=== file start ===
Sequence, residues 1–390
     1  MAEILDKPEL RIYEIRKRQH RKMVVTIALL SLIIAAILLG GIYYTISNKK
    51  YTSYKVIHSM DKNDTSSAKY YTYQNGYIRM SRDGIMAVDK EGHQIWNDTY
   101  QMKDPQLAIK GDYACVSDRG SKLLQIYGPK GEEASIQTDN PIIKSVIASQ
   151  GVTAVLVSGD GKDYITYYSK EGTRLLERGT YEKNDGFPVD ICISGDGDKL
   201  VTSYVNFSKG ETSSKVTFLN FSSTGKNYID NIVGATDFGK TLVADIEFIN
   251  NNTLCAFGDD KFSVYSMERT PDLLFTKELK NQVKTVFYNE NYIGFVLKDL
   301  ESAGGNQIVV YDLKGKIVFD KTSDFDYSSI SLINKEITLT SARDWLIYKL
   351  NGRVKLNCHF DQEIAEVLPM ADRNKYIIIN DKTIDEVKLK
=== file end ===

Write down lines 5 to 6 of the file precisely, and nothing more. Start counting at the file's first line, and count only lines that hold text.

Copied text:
   151  GVTAVLVSGD GKDYITYYSK EGTRLLERGT YEKNDGFPVD ICISGDGDKL
   201  VTSYVNFSKG ETSSKVTFLN FSSTGKNYID NIVGATDFGK TLVADIEFIN